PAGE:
Computing global invariant manifolds as a sequence of geodesic level sets
Bernd Krauskopf, University of Auckland
joint work with
Hinke Osinga, University of Auckland
May 16, 2018
Abstract: Steady-states and periodic orbits of saddle type of dynamical systems defined by ordinary differential equations come with stable and unstable manifolds. These invariant, global objects play a crucial role in organising the dynamics, for example, as basin boundaries and in the creation of chaotic attractors. We consider here global invariant manifolds of dimension two in three-dimensional systems. These are implicitely defined surfaces that can generally only be found by numerical means.
We present arguably the most geometric approach to finding and visualising these surfaces: we grow a manifold step by step from the steady-state of periodic orbit by computing a sequence of rings or bands at suitable geodesic distances. Our method is illustrated with several examples, including the Lorenz system.
Our guest lecturer Snorre H. Christiansen from University of Oslo gave us his talk on the 7th May 2018 with the title ‘Finite element complexes for the Stokes equation’.
Our guest lecturer Daniel Barreto from Edinburgh Napier University gave us his talk on the 6th February 2018 with the title ‘Contact force entropy coordinates – Their relationship with critical states and shearing resistance’.
Morphodynamics of sea ice: exploring morphological evolution of ice rubble and ridges during the seasonal life cycle of deformed first-year sea ice
Rocky S. Taylor, Memorial University of Newfoundland, Canada
November 13, 2017
Abstract: Sea ice features in nature can take on many different forms. For marine and offshore engineering applications, ice loads during interactions with ice rubble and ice ridges are an important design consideration. Morphodynamic aspects of sea ice deformation and degradation processes are of interest in understanding the seasonal evolution of these features, since such methods may provide opportunities to simplify modelling of these highly complex processes. During deformation of a level ice sheet, it is of interest to understand how resultant distributions of block sizes and shapes are linked to the parent ice thickness and other environmental conditions. Similarly, for existing ice rubble and ridges, it is of interest how block shape evolution occurs during freezing/thawing cycles and how this influences the internal buoyancy forces on submerged ice blocks within a ridge. Such processes in turn influence rubble pile stability, since evolution of the shapes and associated centres of buoyancy for each block will change the distribution of stresses on the bonds between them. This can influence the degradation of strength of ice ridges, ultimately contributing to the breakdown of these features during spring thaw. These processes are of interest to help identify the key deterioration mechanisms for ridges, since it is not clear if this process would result in local progressive failure of a ridge (e.g. blocks shed away gradually from the outside with the failure front moving inward over time until the whole ridge is gone) or if there is sufficient reserve strength in the bonds so that the change in buoyancy results in a build-up of stresses due to these shifting buoyance forces that ultimately results in a sudden, global collapse of the whole ridge. Understanding these processes is important in developing new mathematical models, not only for modelling strength of deteriorated ridges during ice-structure interactions, but also for improving deterioration models that may be incorporated into larger-scale thermodynamic ice environmental models.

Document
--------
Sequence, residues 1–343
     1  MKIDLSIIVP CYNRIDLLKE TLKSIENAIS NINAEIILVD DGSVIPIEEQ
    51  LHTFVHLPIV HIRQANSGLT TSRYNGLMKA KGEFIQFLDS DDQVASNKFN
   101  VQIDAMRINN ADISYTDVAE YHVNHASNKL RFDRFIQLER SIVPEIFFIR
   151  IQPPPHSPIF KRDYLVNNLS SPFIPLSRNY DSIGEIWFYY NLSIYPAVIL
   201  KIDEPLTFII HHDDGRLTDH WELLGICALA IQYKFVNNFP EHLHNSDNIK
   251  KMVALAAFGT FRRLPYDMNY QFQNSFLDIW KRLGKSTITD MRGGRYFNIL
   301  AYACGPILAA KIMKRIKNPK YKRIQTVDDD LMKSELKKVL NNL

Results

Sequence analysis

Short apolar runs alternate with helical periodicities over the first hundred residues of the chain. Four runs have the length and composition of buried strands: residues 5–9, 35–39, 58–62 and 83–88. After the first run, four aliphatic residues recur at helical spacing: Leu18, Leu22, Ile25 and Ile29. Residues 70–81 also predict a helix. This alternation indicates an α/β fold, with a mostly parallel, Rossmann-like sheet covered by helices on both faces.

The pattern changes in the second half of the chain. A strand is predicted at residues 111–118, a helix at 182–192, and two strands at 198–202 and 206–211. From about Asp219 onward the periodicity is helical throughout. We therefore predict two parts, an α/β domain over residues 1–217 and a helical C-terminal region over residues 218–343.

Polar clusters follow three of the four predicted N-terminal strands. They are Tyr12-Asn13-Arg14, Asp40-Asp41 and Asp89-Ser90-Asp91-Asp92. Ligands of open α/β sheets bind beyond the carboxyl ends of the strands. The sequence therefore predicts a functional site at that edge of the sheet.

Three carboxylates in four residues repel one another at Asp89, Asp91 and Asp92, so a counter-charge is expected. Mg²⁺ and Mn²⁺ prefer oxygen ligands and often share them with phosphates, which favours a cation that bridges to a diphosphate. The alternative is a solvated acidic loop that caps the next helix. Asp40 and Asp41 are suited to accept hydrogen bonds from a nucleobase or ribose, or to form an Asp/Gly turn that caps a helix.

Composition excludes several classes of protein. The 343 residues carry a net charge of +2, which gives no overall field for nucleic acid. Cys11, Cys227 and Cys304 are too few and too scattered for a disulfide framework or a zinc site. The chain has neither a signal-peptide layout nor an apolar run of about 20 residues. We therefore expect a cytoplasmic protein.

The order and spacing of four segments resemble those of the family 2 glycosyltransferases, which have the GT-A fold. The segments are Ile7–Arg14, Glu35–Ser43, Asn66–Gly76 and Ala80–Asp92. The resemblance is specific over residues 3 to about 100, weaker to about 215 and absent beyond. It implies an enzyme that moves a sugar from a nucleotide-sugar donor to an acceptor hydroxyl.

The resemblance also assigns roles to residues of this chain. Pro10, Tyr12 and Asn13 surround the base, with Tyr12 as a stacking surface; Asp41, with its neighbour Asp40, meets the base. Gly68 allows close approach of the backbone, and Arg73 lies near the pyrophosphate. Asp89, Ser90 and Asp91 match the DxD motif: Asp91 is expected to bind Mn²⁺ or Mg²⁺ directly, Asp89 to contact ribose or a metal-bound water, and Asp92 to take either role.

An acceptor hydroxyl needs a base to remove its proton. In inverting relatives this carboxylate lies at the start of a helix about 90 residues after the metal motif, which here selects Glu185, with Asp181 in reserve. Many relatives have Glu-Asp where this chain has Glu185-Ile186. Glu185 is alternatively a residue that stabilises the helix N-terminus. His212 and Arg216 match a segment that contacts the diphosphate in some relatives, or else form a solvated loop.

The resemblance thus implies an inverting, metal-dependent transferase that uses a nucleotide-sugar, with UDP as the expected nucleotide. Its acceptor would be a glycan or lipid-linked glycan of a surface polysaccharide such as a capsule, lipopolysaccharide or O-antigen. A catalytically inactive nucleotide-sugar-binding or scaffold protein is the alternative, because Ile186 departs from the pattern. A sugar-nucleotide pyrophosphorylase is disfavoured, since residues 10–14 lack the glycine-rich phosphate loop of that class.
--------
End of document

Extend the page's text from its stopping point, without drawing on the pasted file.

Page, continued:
BRIEF BIOGRAPHY – ROCKY TAYLOR, PHD, P.ENG
Dr. Rocky Taylor is an Assistant Professor in Mechanical Engineering at Memorial University of Newfoundland in St. John’s, Canada, where he is also the Centre for Arctic Resource Development (CARD) Chair in Ice Mechanics. In this role he leads a team of researchers and graduate students working on Ice Compressive Failure Mechanics, Ice Rubble Mechanics, Ice Environmental Characterization and Ice-Structure Interaction Modelling. He has carried out field work in the Labrador Sea, Northern Newfoundland, the North Humberland Strait, the Caspian Sea, and the Barents Sea. He has more than 50 peer reviewed publications, has worked on many industry and academic projects and is currently a member of the ISO 19906 Canadian Review Committee.
Rigid surfaces and how Nash bent them
October 2, 2017
Abstract: A compact surface in R3 is called rigid if the only length-preserving transformations of it are congruencies of the ambient space – in simple terms rigid surfaces are unbendable. Rigidity is a topic which is already found in Euclid’s Elements. Euler conjectured in 1766 that every smooth compact surface is rigid. The young Cauchy found a proof in 1813 for convex polyhedra, but it took another 100 years until a proof for smooth convex surfaces appeared. Whilst it seems clear that convexity, and more generally curvature plays an important role for rigidity, it came as a shock to the world of geometry when J. Nash showed in 1954 that every surface can be bent in an essentially arbitrary, albeit non-convex manner. The proof of Nash involves a highly intricate fractal-like construction, that has in recent years found applications in many different branches of applied mathematics, such as elasticity and fluid mechanics. The talk will provide an overview of this fascinating subject and the most recent developments.